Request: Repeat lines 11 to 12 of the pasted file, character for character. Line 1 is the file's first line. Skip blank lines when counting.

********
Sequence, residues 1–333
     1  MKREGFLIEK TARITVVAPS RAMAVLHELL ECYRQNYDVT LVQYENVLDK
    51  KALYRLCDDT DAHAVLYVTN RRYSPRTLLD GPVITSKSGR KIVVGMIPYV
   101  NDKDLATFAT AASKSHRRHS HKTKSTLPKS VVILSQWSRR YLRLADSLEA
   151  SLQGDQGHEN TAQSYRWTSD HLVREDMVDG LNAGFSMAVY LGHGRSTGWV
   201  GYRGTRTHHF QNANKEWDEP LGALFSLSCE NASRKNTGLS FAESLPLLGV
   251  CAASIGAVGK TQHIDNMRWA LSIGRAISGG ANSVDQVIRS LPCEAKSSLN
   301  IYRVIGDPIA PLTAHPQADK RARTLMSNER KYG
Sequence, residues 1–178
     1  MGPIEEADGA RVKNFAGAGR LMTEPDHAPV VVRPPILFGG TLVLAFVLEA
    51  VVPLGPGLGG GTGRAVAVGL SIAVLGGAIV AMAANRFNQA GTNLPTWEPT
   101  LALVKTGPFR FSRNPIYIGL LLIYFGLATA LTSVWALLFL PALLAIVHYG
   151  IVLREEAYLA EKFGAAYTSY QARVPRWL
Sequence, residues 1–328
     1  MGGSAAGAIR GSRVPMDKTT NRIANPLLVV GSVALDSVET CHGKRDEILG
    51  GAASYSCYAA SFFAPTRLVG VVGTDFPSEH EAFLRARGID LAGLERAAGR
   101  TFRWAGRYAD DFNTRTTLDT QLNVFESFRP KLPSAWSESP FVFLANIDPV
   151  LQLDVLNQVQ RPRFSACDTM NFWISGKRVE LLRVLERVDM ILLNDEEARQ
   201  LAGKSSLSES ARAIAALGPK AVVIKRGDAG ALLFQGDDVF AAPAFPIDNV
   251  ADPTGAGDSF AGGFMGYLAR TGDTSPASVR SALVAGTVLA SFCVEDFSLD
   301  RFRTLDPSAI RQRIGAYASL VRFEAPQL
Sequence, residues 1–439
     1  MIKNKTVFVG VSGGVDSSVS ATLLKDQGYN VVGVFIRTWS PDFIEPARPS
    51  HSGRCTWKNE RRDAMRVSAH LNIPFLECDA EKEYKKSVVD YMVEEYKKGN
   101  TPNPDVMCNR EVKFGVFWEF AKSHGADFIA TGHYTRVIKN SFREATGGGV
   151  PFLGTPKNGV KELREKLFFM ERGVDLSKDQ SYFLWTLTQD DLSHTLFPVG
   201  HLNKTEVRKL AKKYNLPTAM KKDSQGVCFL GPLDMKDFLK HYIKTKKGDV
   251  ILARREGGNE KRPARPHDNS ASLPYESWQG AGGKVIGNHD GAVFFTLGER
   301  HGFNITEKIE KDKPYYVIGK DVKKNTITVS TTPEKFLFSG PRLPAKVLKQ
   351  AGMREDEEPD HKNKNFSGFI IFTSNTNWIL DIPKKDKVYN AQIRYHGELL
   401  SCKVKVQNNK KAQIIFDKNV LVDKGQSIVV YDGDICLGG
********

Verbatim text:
    51  VVPLGPGLGG GTGRAVAVGL SIAVLGGAIV AMAANRFNQA GTNLPTWEPT
   101  LALVKTGPFR FSRNPIYIGL LLIYFGLATA LTSVWALLFL PALLAIVHYG